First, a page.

Famous African American Inventors Game Quiz Online

This page features a famous African and American Inventors Game Quiz Online. It is an exercise for students studying science in 3rd, 4th, 5th, 6th to 8th grades. Students will learn about famous personalities who invented different things from Africa and America. Remember to learn more by readding the article below.


African American Inventors game quiz online

African American Inventors - Brief Summary

Many African Americans deserve to be recognized for their countless contributions to science – from being at the forefront of modern medicine, physics, chemistry and other fields of science, to developing everyday bounties like new types of food or easier ways to do household errands.


You may not know this, but there were many African American inventors, many of whom were forgotten. There were many inventions that we use every day, and some of these Black inventors gained recognition for their work, while others went virtually unnoticed and were lost to history. These Black inventors are important to our society because they created products that we need every day. Here is a list of some of the most popular inventions made by Blacks.

  • Norbert Rillieux


There are many fascinating stories about Black "Frenchmen" inventors. Norbert Rillieux, for example, was a highly sought-after chemist and engineer in Louisiana. As an African American, his mixed-race and intellectual bent made him an excellent choice to be a part of the burgeoning chemistry and engineering community. Rillieux remained active in his field until his death on October 8, 1894.

  • John Parker

African American inventor John P. Parker was the founder of a foundry and a leader in the Civil War. During the day, he worked in the foundry, helping slaves cross the Ohio River. In the evening, he helped free runaway slaves and educate them. In addition to his inventions, Parker was also a leader in social reforms. As an African American, Parker faced discrimination and was an ally to many.

  • Mary Van Brittan Brown


The home security system she invented in 1966 is still used today. Her invention was an evolution of a security system that had been around for decades. She had included four peepholes, a sliding camera, two-way microphones, and remote control that would unlock the door. In addition to protecting her home, the security system was used to alert the police or security in case of an emergency. Today, this security system is widely used in homes, offices, and apartment complexes.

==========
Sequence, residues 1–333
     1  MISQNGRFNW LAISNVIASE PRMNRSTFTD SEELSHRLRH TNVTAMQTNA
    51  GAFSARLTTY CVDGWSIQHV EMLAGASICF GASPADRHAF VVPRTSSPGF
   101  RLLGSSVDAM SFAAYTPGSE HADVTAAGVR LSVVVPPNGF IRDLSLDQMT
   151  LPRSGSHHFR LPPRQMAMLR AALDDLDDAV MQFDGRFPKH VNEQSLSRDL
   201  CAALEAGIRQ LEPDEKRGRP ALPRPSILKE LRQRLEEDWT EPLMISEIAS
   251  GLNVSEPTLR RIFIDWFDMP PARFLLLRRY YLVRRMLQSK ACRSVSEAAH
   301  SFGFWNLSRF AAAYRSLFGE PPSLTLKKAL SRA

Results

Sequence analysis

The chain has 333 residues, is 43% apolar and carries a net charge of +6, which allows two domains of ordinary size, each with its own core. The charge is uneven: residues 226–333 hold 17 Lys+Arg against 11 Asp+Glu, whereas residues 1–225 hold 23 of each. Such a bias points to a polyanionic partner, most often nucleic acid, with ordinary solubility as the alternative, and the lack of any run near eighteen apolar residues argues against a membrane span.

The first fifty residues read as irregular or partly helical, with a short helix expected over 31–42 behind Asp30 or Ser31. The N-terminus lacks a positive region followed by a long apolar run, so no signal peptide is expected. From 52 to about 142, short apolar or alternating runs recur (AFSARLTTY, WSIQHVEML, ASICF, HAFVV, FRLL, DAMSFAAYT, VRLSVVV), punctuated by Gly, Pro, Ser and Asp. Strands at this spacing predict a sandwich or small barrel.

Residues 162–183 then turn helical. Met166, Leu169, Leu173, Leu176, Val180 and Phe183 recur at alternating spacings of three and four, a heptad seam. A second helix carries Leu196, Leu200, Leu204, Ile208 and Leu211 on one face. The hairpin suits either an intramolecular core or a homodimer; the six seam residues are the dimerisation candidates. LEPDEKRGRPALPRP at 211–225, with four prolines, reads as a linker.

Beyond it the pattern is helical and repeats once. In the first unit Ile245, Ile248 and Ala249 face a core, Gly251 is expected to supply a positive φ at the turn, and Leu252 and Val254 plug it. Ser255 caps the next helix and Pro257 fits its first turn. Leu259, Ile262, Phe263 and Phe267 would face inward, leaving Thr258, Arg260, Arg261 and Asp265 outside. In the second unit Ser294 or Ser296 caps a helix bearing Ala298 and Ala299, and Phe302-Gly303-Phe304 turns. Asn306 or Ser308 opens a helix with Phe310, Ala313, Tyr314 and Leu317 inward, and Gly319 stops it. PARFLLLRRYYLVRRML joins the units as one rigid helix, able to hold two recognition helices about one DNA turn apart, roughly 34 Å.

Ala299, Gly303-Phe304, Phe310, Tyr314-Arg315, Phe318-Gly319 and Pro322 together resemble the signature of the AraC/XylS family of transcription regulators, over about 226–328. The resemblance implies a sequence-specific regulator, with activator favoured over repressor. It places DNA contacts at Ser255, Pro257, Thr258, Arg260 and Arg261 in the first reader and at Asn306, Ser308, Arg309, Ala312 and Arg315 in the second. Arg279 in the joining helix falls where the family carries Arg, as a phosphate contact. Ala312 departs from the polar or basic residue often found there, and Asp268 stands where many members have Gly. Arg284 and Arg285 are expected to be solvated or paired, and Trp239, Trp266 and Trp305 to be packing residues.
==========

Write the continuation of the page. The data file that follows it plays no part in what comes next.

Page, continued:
• Sarah Boone


When it comes to advancing technology, African Americans have played a pivotal role. Whether it was saving lives, making life easier, or changing history, they have played key roles in progress. Here are some examples of underappreciated or forgotten African American inventors. They were important in making the world a better place, but often go unnoticed. Sarah Boone, African American inventor, is one of those people.

  • Elijah McCoy


Elijah J. McCoy was one of the most well-known Black inventors of the 19th century. Born in Colchester, Canada, McCoy was one of twelve children of runaway slaves. His parents sent him to Scotland to study mechanical engineering because such training was unavailable to Blacks in the United States. McCoy then returned to the United States and took a job as a locomotive fireman for the Michigan Central Railroad. His job included shoveling coal into the engine and applying oil to moving parts of the machine.

  • Mary Kenner


The African-American inventor Mary Kenner died on January 13, 2006. Though she wasn't particularly well-known for her inventions, her achievements paved the way for many other black women to pursue their dreams as inventors. Her work earned her five U.S. patents, more than any other African-American woman. While she did not receive any formal recognition for her achievements, her innovations are still in use today. In fact, the United States government has issued five patents to women.


  • Marian Croak

If you are unfamiliar with the name Marian Croak, you may be surprised to learn that she's an African American inventor. Croak was born in Pennsylvania in 1955 and has made many contributions to the world. She credits her father for encouraging her to pursue a career in science, building a chemistry lab in their home. She then went on to earn a Ph.D. in social psychology at the University of Southern California and an undergraduate degree from Princeton University. She began working at Bell Labs in 1982.